For many who have been paying attention to the stablecoin space, the news of Paypal officially joining the cryptocurrency sphere is not…
Blockchain technology firm ConsenSys has announced today that it is working with French multinational investment bank and financial services company Societe Generale or SocGen-Forge on central bank digital currency (CBDC) tests-as part of its ongoing CBDC project with the central bank of France- Banque de France. With regard to ConsenSys’ participation, the firm will experiment […]
The post ConsenSys to work with SocGen-Forge on CBDC pilot project appeared first on AMBCrypto.
(⬆️ Screenshot from a market on Foundation)
I was speaking with Kayvon, the co-founder of the culture stock exchange Foundation. We were discussing the pros and cons of purchasing and selling NFTs with ETH or stablecoins, like DAI. Kayvon strongly feels that using DAI is the way to onboard the masses, but I was arguing for ETH. It wasn’t long before I realized that I didn’t have a strong enough argument as to why I preferred ETH, I just did. This inspired me to examine the advantages and disadvantages of using DAI versus ETH in NFT markets.
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Why Do We Price NFTs In ETH?
When I purchase NFTs, there is a 95% chance that I use ETH. Pretty much all assets are priced in ETH terms, and I believe this is because it was the only option available when NFTs took off near the end of 2017.
In December 2017, CryptoKitties were in full swing, but there were hardly any stablecoin options to price them in. DAI had just launched in December 2017, and since ETH was working well and DAI was so new, not many people were interested in switching. I believe for this reason, people have been pricing NFTs in ETH terms ever since.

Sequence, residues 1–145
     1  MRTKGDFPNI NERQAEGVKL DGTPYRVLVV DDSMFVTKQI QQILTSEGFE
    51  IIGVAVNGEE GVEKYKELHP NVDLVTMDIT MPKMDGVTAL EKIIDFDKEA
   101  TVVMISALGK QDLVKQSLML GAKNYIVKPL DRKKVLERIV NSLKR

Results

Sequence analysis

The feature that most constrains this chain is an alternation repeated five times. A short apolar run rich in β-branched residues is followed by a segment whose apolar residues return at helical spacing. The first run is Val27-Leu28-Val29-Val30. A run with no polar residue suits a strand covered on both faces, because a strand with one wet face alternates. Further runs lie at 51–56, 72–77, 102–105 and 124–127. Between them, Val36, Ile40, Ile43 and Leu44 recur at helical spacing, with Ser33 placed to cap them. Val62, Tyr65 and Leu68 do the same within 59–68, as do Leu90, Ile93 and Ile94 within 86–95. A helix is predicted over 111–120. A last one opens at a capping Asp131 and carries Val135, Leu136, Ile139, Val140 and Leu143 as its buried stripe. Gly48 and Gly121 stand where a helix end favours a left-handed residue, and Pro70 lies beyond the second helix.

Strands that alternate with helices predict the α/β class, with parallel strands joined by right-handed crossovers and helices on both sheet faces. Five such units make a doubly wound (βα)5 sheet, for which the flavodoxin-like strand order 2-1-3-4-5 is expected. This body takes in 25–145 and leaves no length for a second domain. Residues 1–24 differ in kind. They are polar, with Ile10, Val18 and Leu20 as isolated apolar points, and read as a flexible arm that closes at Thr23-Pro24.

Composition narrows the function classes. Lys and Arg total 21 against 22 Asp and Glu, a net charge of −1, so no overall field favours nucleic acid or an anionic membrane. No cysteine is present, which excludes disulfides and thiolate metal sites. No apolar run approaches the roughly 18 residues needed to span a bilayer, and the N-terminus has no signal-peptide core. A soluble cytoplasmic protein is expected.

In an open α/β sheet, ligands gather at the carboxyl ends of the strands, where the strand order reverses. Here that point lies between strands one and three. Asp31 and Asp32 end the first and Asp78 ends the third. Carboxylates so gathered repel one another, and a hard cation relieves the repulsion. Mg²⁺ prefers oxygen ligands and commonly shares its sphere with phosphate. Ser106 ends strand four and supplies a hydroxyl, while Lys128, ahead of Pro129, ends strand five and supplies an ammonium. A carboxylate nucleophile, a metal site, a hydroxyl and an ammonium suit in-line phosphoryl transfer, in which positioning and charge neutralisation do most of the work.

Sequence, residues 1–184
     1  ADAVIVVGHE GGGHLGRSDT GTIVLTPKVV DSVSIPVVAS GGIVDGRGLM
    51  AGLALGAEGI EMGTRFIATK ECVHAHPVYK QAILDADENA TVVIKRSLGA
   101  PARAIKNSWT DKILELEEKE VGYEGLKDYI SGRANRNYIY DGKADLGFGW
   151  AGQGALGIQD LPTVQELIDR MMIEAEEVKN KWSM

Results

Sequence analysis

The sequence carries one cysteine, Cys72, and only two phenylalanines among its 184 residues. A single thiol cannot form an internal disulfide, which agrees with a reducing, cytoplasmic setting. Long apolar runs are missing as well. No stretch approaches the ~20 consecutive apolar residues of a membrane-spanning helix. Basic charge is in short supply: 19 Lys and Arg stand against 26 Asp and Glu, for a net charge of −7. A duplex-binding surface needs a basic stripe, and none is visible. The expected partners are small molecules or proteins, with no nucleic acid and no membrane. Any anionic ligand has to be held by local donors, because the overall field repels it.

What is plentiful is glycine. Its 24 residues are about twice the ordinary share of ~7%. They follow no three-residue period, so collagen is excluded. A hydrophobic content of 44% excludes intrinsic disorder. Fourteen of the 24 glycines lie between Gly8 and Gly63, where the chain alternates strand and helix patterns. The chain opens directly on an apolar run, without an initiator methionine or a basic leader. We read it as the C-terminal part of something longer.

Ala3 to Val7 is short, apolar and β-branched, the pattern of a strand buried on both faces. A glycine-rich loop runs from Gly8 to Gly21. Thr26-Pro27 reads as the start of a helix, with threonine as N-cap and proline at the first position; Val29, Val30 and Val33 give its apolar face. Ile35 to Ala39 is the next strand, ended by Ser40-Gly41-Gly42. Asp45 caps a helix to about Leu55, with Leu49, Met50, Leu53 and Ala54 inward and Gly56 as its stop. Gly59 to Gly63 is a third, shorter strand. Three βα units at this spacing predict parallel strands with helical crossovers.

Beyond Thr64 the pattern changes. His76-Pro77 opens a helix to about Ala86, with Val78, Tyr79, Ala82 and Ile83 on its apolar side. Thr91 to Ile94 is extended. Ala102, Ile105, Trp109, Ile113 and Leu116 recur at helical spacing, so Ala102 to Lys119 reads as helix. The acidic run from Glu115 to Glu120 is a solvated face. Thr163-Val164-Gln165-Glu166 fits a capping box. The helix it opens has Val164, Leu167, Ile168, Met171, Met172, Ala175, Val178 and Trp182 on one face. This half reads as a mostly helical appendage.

Pros Of Using ETH
I personally like using ETH to buy certain assets because I use it as a method to acquire more ETH, i.e., buy an NFT for 1 ETH and then sell it for 1.5 ETH a few months later. This is great for me personally because I am long-term bullish on ETH appreciating in value, so I want more of it. Unfortunately, I am not a typical user because I have been involved with crypto for a long time. If we want NFTs to become widely adopted, we must recognize that not everyone will be bullish on cryptocurrencies, or especially bullish on ETH.
Cons Of Using ETH
The clear issue with using ETH to buy and sell NFTs is its price fluctuation. Here is an ETH price chart from the past 90 days.
In just the past three months, ETH went from ~$200 to ~$400, and is now around ~$350. This price fluctuation is clearly a massive issue for mainstream adoption. It’s tough to explain to someone new to crypto that the price of an NFT is around $100 right now, but could be totally different by tomorrow.
Pros Of Using DAI
The clearest benefit of using DAI for trading NFTs is its price stability. If I have an NFT for sale in DAI, everyone knows exactly how many dollars the NFT will cost today, tomorrow, and even next month. This price stability is essential for markets to form. As consumers, we already must make decisions on which product to buy, so adding in crazy price fluctuations does not make those decisions any easier. DAI is also totally decentralized like ETH, so users do not have to worry about their transactions getting halted for whatever reason.
Cons Of Using DAI
The cons of using DAI really boil down to awareness and accessibility. More people know about ETH than DAI. It’s very easy to obtain ETH from most exchanges, while DAI is not as accessible. I will caveat this by saying that DAI has gotten much easier to access with the recent explosion of DeFi, so maybe this con will eventually no longer be relevant.
With all that being said, I personally still prefer using ETH for NFT investing in my pursuit to acquire more ETH. But I do completely understand that in order to bring on the masses, we might need to use DAI or other fiat-denominated stablecoins. There is no way we can onboard millions of people into the NFT space if the money they use to purchase goods is moving up and down on a daily basis. Going back to the original genesis of this blog, Kayvon from Foundation feels so strongly about DAI’s superiority that he wrote a great blog detailing why, which I suggest to anyone who wants to learn more about why Foundation is built on DAI.